Reclusive billionaire and Brooklyn native Danny Bowes has written, with persecuted gadfly Tom X. Chao, a Pretentious Festival show that states its mission in its title: This Is the New American Theatre. Between bouts of crafting innovation out of shapeless matter using such tools as nudity and excessive self-absorption, Bowes has taken some time to answer our questionnaire. Here are his answers. (This Is the New American Theatre opens on Saturday, June 2nd - find out more about it at bricktheater.com/pretentious)
What exactly makes your show so damn pretentious anyway?
Two guys. One medium. Total reinvention.
Name some obscure influences on your work – extra points for unpronounceability.
Since the whole point of the show is that it's the NEW American Theatre, the only influences on this show are Danny Bowes and Tom X. Chao. However, I still get the extra points because for some reason no one can pronounce "Bowes." (It's like "oh" not "ow" . . . "ow" is what happens when I smack you for mispronouncing my name.)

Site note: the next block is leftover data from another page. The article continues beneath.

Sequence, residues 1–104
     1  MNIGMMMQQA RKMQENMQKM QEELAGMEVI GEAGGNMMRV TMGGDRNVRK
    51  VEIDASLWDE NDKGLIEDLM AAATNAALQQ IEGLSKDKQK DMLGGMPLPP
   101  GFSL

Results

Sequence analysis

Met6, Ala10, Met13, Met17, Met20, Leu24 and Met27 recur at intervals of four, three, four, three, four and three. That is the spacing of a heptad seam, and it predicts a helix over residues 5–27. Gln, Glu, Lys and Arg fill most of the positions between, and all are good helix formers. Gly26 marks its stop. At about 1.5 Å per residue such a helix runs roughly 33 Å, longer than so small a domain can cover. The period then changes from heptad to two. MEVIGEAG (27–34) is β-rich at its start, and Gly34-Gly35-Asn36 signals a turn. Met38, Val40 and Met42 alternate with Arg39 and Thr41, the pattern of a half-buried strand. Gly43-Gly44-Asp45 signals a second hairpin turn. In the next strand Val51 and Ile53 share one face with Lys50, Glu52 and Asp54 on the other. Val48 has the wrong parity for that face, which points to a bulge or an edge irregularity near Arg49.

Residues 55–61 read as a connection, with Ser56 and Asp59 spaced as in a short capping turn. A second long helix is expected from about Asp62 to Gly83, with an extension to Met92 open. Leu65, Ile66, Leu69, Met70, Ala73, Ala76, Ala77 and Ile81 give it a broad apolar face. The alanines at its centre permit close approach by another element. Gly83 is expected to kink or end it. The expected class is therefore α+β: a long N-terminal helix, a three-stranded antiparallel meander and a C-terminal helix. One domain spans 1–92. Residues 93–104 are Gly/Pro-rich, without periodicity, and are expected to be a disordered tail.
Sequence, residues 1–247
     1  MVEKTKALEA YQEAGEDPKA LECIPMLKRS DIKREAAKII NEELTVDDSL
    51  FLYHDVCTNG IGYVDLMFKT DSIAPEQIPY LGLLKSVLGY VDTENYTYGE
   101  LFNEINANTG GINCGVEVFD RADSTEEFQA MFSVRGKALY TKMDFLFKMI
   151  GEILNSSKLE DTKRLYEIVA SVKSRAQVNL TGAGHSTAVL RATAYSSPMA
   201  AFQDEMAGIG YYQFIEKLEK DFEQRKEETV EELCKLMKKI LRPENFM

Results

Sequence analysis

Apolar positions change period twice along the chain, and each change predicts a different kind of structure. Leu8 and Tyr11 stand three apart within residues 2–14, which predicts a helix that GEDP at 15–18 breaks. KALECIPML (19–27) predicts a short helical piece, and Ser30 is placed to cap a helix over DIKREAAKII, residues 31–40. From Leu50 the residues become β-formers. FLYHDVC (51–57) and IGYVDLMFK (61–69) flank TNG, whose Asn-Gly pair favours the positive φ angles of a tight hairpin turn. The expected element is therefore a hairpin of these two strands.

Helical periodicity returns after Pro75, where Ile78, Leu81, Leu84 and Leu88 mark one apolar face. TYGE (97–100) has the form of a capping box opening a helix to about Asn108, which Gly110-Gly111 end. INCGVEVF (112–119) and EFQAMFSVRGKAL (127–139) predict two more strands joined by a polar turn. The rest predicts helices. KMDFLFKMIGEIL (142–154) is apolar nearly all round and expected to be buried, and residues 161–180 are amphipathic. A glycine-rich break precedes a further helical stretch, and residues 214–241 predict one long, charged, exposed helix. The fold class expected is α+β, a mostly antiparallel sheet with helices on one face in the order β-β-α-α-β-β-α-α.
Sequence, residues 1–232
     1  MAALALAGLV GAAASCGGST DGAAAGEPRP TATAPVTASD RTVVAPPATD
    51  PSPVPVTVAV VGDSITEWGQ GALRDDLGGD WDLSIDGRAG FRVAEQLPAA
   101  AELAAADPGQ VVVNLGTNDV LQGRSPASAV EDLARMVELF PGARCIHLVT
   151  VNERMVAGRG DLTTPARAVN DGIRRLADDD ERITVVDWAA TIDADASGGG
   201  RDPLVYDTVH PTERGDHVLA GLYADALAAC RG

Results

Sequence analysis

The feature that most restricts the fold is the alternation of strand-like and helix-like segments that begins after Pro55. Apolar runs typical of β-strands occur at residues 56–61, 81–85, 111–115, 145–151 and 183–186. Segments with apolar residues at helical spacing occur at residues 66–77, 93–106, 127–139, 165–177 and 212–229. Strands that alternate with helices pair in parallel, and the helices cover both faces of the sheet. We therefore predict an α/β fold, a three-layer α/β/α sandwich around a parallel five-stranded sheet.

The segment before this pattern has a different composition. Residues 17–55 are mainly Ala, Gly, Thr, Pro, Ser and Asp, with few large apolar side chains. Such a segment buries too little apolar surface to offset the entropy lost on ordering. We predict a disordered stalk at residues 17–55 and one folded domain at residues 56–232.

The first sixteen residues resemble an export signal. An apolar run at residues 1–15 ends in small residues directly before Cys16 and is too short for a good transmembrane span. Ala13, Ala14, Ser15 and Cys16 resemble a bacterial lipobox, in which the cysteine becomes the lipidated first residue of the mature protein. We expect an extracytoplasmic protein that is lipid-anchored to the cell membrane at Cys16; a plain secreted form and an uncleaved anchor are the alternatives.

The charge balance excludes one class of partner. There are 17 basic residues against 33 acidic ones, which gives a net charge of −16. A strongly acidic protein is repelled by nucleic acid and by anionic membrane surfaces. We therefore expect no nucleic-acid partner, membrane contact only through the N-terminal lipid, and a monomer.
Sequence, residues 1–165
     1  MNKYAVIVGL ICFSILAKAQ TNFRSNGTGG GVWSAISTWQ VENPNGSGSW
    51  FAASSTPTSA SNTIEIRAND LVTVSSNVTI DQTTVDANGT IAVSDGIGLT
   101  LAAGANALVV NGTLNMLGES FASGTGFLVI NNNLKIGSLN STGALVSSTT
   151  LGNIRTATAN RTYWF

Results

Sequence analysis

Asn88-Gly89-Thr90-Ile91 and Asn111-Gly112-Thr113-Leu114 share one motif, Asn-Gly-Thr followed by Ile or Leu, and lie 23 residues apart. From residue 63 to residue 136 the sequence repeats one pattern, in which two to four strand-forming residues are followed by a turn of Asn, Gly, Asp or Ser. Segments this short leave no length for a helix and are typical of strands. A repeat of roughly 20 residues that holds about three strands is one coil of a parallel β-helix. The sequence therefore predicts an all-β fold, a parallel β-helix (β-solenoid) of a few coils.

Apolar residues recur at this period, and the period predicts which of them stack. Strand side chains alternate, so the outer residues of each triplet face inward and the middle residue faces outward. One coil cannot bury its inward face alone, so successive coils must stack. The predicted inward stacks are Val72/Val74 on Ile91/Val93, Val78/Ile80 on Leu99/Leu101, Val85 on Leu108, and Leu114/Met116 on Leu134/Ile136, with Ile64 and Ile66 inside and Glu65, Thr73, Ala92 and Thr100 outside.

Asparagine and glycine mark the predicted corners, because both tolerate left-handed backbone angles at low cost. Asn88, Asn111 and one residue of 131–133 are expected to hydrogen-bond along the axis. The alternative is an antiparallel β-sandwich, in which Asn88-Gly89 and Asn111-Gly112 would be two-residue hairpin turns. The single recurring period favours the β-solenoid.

The late Roland Barthes once wrote "For the theatre one needs long arms; it is better to have them too long than too short. An artiste with short arms can never, never make a fine gesture." Explicate.
Monsieur Barthes is, of course, being French, both pretentious and absolutely right. Both myself (Danny Bowes) and Tom X. Chao are in the neighborhood of six feet tall and, thus, have arms of sufficient length to make fine gestures, including the metaphoric extension of the middle finger to all theatrical traditions which preceded our much-needed reinvention of the medium.
In what ways do you plan on alienating your audience? Cite an intentionally opaque or confusing moment within your production.
We intend to alienate all theatergoers who like bad theater. Anyone looking for a boring show where the actors are unfunny and wear clothes is sure to be disappointed.
Which other Pretentious Festival show will you declare as your sworn ideological enemy, and why?
All other shows in the Pretentious Festival are our sworn ideological enemies for they either: a) are based in theatrical traditions that are neither new nor American; b) fail to adhere to the principles governing the New American Theatre outlined in our show; c) have actresses who are less hot and less naked than ours; or d) suck.
Please give us the gist of the acceptance speech you would use were you to win one of our Pretentious Awards.
Gist? I'll give you the whole speech: "You're welcome."